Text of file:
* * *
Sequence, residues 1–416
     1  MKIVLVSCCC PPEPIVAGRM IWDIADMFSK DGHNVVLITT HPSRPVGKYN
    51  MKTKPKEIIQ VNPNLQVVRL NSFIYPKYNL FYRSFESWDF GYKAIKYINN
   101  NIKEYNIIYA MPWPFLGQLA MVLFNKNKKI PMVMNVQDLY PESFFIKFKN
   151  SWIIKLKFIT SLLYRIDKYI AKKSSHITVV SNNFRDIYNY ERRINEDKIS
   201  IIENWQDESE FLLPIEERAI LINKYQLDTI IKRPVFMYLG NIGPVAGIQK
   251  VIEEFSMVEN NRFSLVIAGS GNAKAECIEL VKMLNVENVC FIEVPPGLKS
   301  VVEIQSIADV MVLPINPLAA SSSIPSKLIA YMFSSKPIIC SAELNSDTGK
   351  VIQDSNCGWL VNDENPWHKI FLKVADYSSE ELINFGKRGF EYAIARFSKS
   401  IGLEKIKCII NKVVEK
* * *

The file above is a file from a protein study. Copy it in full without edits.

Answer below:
Sequence, residues 1–416
     1  MKIVLVSCCC PPEPIVAGRM IWDIADMFSK DGHNVVLITT HPSRPVGKYN
    51  MKTKPKEIIQ VNPNLQVVRL NSFIYPKYNL FYRSFESWDF GYKAIKYINN
   101  NIKEYNIIYA MPWPFLGQLA MVLFNKNKKI PMVMNVQDLY PESFFIKFKN
   151  SWIIKLKFIT SLLYRIDKYI AKKSSHITVV SNNFRDIYNY ERRINEDKIS
   201  IIENWQDESE FLLPIEERAI LINKYQLDTI IKRPVFMYLG NIGPVAGIQK
   251  VIEEFSMVEN NRFSLVIAGS GNAKAECIEL VKMLNVENVC FIEVPPGLKS
   301  VVEIQSIADV MVLPINPLAA SSSIPSKLIA YMFSSKPIIC SAELNSDTGK
   351  VIQDSNCGWL VNDENPWHKI FLKVADYSSE ELINFGKRGF EYAIARFSKS
   401  IGLEKIKCII NKVVEK